Today, the framing of Mexican migration, and migration from Latin America as a whole, has been strategically deemed illegal and constructed to fit a politicized agenda. Currently in the United States, the theory of a migrant invasion is utilized to sow xenophobia and racism throughout the public as a whole, and to instill fear on undocumented individuals. Migrants from Mexico are framed as foreign bodies not worthy of etching out a living in the United Sates. Jeff Sessions, United States Attorney General, in a recent press release stated that illegal aliens are criminals that should be deported, and that they will face the extent of the law. Indeed, immigration laws continue to create a vast number of illegal subjects, who in many ways, remained trapped within the demarcated boundaries of the nation state—for their home countries have ceased to be their homes.
Moreover, immigration law have begun to target refugees and even children in a new cruel phase intended to criminalize all immigration from Mexico and Central America. Sessions, in a May press release given in San Diego, stated that immigrants accompanied by children will be prosecuted and separated from each other, and will no longer be house in detention centers together. Immigration laws have resorted to draconian methods of punishment for undocumented migration from Mexico and Central America. As soon as Mexican migrants cross the demarcated border between Mexico and the U.S. they cease to be humans, and under U.S. immigration law become illegal aliens that are at the mercy of the state—or lack thereof.
In closing, the history of Mexican migration is one that it tightly intertwined with laws, stemming from the creation of the first Mexican Americans in the aftermath the ratification of the Treaty of Guadalupe Hidalgo, to the twenty first century were present day rhetoric and cruel laws are aimed at criminalizing and prosecuting immigrants from Mexico and Central America. As the period of the American War on Mexico reveals, the U.S-Mexico border has undergone several fluctuations before becoming the militarized border of today. The border, after the annexation of half of Mexico, crossed the 100,000 former Mexican citizens and created the first Mexican Americans and began the process of Mexican migration in the North. With the implementation of IRA and the Patriot Act, the U.S and Mexican border has become the stringent arbiter of legality, on one side an individual possesses a form of personhood, but when they cross over this personhood is tripped and they become a criminal—a criminal alien, no longer deserving of any human rights. Alas, the urgent question remains—what now?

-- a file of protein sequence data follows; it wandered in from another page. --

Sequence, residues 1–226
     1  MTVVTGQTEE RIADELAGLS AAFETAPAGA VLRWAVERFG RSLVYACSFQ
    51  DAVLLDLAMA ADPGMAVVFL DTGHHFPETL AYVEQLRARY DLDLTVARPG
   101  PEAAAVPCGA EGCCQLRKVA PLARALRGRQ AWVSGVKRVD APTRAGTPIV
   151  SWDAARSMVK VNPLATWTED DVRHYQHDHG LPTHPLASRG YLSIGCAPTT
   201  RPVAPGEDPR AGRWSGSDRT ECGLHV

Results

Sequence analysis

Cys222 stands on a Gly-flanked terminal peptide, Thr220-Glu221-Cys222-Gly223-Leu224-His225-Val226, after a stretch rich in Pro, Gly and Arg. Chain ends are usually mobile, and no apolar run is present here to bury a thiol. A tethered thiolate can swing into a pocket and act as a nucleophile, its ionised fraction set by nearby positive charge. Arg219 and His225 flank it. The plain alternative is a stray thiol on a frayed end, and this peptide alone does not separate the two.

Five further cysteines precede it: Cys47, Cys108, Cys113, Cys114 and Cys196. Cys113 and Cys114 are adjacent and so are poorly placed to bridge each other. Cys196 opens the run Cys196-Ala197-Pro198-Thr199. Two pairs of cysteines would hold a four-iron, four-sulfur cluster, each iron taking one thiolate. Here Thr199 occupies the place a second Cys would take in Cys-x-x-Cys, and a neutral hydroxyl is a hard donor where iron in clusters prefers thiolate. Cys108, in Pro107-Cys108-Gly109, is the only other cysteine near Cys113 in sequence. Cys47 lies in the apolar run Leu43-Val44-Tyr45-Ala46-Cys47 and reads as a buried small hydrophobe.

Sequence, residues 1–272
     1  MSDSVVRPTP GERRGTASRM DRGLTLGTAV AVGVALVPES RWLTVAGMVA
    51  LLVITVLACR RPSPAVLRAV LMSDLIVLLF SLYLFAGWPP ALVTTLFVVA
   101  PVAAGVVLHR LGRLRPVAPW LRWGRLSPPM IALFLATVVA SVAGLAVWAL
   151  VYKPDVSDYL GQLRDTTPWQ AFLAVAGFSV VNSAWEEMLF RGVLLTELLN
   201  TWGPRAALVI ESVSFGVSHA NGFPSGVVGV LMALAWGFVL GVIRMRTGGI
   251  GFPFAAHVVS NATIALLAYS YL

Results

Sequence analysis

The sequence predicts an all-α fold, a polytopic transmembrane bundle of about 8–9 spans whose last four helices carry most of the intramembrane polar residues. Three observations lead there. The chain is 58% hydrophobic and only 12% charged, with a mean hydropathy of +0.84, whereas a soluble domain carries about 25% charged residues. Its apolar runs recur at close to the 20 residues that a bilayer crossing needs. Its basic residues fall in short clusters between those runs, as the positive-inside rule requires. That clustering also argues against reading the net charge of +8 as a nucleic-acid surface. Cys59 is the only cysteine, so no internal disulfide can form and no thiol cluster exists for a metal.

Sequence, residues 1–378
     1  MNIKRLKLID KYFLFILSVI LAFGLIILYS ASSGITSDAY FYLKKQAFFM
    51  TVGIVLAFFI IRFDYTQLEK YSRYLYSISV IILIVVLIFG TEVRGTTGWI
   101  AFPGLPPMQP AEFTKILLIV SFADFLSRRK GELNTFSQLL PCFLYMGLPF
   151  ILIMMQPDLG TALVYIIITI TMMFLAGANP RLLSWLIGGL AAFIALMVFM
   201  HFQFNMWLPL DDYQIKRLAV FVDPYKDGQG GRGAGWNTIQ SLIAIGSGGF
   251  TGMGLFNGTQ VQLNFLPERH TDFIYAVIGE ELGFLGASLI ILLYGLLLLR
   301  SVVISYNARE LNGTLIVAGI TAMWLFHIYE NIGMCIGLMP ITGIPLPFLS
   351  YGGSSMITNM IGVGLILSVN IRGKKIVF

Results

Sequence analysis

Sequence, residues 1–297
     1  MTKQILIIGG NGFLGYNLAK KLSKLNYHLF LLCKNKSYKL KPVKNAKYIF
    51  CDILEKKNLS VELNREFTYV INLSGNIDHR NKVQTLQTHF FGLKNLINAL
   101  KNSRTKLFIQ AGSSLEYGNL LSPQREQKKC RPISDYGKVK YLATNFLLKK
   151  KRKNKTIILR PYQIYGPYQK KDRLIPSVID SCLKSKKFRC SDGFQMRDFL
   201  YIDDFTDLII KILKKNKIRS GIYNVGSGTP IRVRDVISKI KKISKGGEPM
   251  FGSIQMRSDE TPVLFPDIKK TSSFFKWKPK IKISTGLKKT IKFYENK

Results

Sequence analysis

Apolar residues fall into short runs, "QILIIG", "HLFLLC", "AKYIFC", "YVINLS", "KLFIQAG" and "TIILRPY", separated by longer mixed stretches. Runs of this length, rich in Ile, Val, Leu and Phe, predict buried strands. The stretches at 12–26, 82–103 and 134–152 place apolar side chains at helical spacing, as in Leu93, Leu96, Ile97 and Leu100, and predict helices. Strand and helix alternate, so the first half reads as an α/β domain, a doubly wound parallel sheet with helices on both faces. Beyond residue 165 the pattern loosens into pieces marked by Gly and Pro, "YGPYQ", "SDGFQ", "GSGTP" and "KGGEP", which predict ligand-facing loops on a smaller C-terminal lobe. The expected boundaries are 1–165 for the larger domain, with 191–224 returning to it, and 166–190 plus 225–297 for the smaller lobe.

Migration for many Mexicanos, and increasingly Central Americans, is no longer a choice but a means for survival. So called illegal aliens are in fact refugees, created in large part by both economic and armed interventions in Latin America by the United States. The opaque shroud of illegality must be lifted, and the true identity of these refugees revealed. The illegality of Mexican migration as it has been historically crafted in the last century to today, is one clouded by racism and xenophobia. Migration is not a criminal act, but a means of survival.
 Ngai, 266.
 Ngai, 266.
 García Bedolla, 238.
 García Bedolla, 239.
 Massey, 254.
 Massey, 257.
 Massey, 257.
 Jeff Sessions, “If you are Smuggling a Child, We will Prosecute You” (2018, San Diego: NBC News, 2018) Broadcast.